Will JavaScript type annotations kill TypeScript?
The creators of Svelte and Turbo 8 both dropped TS recently saying that "it's not worth it".
Yes: If JavaScript gets type annotations then there's no reason for TypeScript to exist.
No: TypeScript remains the best language for structuring large enterprise applications.
TBD: The existing user base and its corpensource owner means that TypeScript isn’t likely to reach EOL without a putting up a fight.
I hope they both die. I mean, if you really need strong types in the browser then you could leverage WASM and use a real programming language.
I don’t know and I don’t care.
Kubernetes / Service Mesh

Red Hat OpenShift 4.2 Addresses Requirements of Both Development and Operations

Red Hat releases OpenShift 4.2, a cloud native software stack.
Oct 16th, 2019 9:00am by
Featued image for: Red Hat OpenShift 4.2 Addresses Requirements of Both Development and Operations

Red Hat has released OpenShift 4.2 this week, with many of the features that were introduced with the release of OpenShift 4 earlier this year being moved further along toward general availability. While the OpenShift Service Mesh, OpenShift Serverless, and OpenShift Pipelines continue to mature, with the latter two available in technology preview and developer preview in OpenShift 4.2, the latest version of Red Hat’s managed Kubernetes extends its  multicloud support to include AWS, Azure and Google Cloud Platform, and private clouds like OpenStack, as well as air-gapped installations.

“We’re continuing to invest in the platform, but expanding into two areas more aggressively. One is providing more productive services for developers — new capabilities to make developers more productive on the platform,” said Joe Fernandes, vice president of product at Red Hat, in an interview with The New Stack. “The second is improving day one and day two operations for the administrators. That investment goes back to Red Hat’s acquisition of CoreOS, our investment in our Operators technology, and our investments in full-stack automation and day two monitoring and so forth.”

OpenShift Service Mesh, which was released several months after the initial release of OpenShift 4, combines the open source projects Istio, Kiali and Jaeger, as well as Prometheus and Grafana, to provide an easily implemented service mesh and speaks to this focus on day two operations. With OpenShift Serverless and OpenShift Pipelines moving into previews, developers get managed instances of Knative and Tekton, respectively, that are easily installed using Red Hat Operators. The inclusion of CodeReady Containers in OpenShift 4.2 also speaks to Fernandes’ first point of increasing developer productivity, serving as a local developer environment wherein developers can install a pre-built OpenShift environment on a laptop.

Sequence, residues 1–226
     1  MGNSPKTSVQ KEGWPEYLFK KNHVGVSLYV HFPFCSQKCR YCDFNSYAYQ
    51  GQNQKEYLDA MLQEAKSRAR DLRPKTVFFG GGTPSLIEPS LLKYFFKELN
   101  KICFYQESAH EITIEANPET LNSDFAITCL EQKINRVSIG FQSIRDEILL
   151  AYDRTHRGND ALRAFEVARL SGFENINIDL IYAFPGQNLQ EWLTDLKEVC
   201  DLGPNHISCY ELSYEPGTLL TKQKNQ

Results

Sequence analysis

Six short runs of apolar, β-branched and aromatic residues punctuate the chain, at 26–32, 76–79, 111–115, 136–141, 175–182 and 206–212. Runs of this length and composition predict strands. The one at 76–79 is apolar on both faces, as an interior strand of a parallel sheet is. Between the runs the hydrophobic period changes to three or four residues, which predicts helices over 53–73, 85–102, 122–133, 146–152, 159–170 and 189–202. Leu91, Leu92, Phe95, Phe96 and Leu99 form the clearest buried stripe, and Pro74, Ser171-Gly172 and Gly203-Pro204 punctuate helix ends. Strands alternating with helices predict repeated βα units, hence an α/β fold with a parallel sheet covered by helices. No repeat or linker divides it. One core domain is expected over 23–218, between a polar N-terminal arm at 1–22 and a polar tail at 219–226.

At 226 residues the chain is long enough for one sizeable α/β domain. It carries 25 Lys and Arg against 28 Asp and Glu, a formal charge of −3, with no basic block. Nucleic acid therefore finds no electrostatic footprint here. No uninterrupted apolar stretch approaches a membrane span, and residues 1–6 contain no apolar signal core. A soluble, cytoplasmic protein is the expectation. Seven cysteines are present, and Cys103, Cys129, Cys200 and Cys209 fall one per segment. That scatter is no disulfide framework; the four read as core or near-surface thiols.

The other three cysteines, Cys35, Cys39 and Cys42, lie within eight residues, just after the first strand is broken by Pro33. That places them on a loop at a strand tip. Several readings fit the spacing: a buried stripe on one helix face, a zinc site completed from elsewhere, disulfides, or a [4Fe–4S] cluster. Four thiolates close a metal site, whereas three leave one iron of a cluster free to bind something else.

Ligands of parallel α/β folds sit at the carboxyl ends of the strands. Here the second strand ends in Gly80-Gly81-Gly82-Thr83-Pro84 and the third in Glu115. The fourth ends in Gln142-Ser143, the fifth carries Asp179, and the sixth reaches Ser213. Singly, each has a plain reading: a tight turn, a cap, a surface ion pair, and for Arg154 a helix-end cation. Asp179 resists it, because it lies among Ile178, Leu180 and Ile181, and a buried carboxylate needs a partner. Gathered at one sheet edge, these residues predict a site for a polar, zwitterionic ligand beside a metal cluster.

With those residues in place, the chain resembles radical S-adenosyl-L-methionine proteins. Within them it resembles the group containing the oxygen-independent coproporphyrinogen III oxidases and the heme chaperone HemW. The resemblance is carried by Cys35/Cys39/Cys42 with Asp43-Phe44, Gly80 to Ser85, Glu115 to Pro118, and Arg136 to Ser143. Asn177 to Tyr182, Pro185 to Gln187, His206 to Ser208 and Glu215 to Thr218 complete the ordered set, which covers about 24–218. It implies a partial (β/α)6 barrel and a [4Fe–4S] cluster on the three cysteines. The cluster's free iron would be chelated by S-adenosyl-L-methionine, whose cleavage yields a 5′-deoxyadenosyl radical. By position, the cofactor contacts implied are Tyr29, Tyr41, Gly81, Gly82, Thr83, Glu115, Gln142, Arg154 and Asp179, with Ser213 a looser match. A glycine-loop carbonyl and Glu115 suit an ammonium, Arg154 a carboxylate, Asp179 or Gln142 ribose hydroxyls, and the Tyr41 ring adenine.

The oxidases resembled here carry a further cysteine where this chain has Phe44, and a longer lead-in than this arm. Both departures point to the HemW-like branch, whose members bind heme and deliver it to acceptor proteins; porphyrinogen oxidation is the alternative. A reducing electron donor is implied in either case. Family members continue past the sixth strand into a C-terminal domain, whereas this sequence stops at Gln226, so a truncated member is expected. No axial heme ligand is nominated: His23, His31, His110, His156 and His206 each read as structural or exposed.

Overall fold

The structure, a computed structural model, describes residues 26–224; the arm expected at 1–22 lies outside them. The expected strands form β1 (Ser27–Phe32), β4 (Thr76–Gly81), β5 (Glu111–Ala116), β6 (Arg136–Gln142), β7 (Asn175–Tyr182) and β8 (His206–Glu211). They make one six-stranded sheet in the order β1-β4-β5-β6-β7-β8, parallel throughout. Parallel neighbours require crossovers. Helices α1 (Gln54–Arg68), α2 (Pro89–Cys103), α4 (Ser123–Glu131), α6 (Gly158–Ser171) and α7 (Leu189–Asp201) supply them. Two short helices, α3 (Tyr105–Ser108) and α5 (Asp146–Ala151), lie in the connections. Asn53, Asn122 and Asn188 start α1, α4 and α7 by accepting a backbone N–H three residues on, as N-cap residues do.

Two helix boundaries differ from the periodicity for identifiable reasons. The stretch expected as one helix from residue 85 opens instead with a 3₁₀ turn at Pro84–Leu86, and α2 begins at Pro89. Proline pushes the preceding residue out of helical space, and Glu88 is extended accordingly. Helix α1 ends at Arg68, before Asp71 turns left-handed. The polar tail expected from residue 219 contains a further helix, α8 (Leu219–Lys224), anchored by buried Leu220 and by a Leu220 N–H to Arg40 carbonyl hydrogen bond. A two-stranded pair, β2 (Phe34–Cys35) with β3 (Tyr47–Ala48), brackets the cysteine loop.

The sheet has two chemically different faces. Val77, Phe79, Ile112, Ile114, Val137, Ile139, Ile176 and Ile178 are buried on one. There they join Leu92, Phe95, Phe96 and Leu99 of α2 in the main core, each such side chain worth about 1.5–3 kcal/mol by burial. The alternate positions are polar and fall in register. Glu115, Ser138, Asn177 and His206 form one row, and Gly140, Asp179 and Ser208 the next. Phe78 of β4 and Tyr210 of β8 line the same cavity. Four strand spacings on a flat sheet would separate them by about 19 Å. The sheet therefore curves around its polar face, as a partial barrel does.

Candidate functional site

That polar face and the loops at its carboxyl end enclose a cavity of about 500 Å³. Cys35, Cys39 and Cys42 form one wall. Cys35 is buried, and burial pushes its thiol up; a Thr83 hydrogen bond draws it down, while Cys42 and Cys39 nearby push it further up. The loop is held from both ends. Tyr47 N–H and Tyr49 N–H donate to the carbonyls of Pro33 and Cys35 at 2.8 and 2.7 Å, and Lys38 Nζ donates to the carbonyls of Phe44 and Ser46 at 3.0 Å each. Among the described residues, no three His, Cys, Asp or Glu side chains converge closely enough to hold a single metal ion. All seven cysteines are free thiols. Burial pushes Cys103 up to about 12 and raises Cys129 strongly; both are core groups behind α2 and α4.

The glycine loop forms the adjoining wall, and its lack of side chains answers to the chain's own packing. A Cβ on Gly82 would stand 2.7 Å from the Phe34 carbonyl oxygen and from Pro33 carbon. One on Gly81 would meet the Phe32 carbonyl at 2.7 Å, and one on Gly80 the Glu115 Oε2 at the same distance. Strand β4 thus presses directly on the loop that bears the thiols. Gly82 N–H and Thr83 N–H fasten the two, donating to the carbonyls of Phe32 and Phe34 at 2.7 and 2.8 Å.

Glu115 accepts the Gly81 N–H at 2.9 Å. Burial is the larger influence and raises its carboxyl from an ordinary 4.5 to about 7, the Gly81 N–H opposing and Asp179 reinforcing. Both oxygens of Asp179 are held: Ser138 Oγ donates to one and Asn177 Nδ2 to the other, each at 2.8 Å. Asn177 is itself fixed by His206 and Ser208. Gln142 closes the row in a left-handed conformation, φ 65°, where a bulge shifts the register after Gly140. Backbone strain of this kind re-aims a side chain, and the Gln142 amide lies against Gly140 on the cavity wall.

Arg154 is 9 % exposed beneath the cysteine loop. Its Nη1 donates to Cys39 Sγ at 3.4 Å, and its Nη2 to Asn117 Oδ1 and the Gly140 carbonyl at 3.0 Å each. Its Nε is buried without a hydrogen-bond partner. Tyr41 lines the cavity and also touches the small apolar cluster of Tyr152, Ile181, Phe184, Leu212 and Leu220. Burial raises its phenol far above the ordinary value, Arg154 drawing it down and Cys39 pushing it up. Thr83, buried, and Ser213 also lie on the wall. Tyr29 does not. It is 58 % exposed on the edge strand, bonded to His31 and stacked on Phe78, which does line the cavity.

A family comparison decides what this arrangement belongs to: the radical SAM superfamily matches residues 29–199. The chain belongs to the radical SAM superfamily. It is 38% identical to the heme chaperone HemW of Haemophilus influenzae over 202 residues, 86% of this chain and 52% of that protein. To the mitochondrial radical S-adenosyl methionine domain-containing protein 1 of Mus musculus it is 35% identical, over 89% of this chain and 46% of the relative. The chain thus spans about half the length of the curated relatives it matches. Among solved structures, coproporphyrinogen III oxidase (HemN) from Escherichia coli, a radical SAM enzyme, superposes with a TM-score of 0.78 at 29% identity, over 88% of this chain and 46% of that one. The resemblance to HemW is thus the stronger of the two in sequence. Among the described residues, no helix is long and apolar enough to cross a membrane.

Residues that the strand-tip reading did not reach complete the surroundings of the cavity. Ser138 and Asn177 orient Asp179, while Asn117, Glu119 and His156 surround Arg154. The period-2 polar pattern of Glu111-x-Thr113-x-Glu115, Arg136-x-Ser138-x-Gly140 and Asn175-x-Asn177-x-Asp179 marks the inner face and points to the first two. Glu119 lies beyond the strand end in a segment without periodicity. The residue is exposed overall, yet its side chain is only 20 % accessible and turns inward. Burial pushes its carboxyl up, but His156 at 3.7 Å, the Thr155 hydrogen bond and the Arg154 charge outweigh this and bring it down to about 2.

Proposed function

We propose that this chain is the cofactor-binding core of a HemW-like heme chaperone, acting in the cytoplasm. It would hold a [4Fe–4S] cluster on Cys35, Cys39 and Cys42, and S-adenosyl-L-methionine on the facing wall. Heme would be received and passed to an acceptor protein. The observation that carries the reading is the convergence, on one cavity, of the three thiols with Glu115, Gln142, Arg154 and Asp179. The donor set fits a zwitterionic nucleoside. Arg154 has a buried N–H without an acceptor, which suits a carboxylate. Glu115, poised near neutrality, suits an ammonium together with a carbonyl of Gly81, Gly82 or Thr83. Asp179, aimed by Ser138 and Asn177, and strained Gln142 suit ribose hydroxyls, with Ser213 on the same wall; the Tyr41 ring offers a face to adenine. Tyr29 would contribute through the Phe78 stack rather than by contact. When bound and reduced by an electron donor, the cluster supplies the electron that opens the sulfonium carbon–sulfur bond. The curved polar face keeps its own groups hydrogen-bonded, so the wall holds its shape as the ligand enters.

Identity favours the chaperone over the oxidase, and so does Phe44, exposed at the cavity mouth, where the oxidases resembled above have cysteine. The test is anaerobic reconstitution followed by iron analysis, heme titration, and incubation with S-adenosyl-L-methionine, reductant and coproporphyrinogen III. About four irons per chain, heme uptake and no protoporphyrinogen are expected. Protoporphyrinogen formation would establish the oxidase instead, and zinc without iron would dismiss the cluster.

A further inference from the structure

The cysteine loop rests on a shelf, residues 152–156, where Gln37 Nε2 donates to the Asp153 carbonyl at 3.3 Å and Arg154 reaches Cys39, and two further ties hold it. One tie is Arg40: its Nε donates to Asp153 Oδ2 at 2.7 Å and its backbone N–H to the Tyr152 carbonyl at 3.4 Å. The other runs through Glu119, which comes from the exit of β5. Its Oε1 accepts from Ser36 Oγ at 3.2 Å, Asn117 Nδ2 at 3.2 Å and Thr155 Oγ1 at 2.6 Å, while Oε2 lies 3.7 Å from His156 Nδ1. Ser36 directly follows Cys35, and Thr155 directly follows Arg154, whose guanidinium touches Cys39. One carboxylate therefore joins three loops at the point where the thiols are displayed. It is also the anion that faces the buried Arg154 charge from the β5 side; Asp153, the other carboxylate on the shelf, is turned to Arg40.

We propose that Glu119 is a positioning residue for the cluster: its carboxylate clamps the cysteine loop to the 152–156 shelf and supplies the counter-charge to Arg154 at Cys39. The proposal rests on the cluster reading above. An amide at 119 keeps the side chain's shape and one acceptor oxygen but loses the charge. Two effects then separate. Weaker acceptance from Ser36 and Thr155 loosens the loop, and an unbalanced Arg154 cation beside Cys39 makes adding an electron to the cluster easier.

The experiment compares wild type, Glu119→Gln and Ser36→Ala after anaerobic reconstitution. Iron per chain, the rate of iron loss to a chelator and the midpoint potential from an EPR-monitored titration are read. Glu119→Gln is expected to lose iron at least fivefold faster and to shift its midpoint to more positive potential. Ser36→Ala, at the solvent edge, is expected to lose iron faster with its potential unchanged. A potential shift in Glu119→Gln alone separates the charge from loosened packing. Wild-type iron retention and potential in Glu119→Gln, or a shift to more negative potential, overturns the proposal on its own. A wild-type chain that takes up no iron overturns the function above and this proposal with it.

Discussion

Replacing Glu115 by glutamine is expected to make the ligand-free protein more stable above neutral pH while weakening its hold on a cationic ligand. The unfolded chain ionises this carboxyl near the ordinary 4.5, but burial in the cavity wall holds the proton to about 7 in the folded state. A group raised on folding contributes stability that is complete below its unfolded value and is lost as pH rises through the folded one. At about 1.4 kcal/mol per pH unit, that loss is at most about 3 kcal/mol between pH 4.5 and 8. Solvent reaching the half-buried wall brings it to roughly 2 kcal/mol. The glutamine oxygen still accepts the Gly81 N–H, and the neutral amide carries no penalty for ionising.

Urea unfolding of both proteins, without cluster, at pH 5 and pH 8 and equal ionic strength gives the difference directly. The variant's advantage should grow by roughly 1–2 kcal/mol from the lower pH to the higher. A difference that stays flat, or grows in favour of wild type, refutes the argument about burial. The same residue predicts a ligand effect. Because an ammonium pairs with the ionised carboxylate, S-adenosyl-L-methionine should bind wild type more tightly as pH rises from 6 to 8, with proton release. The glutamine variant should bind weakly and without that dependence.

The other focus of OpenShift 4.2 is the move toward bringing the platform to more locations, hence the addition of Azure and Google Cloud Platform to existing AWS support. Beyond multicloud support, Fernandes explained that there are also a number of OpenShift customers with special requirements for non-traditional operating environments, such as air-gapped networks, which are not connected to external networks, making installations and updates difficult.

“Bringing Kubernetes to enterprise customers means addressing their requirements for how they want to run it. We’ve seen with OpenShift 3, and now continuing into OpenShift 4, that government customers and some financial services customers need to run in air-gapped environments,” said Fernandes. “Today, we have I think over 1300 customers now on OpenShift and some of those include government customers who want to run it on planes, ships, submarines and stuff like that. That creates challenges.”

As with any non-SaaS product release, there also remains the challenge of getting customers to update to more current versions, and Red Hat has released migration tooling to that end.

“We’ve seen hundreds of customers who’ve installed OpenShift 4 since we launched, but there’s many more that are still just evaluating it and planning the full migration, because, in their OpenShift 3 deployments, they may have dozens of clusters. They have lots of large environments and so generally the process is you kick the tires on OpenShift 4, understand it, and make sure that it’s going to work the way you want it to,” said Fernandes.

The migration tooling will examine a current OpenShift 3 deployment, discover all the namespaces and pods and services, and then allow the user to choose which parts they want to migrate, he explained.

“The cool thing is, it doesn’t just move the applications over it. It has a notion of state, so if your applications are connected to storage, it can either move the storage volumes over or reconnect them to the same pods running in your OpenShift 4 clusters. It’s more sophisticated than just a moving the pods over,” he said.

Finally, OpenShift 4.2 also supports OpenShift Container Storage 4, which is a software-defined storage stack currently available in beta. Today’s release of OpenShift 4.2 will be available in the coming weeks and is available for preview at

Red Hat is a sponsor at The New Stack.

Feature image by Zhang Linxuan on Unsplash.

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TNS owner Insight Partners is an investor in: The New Stack.
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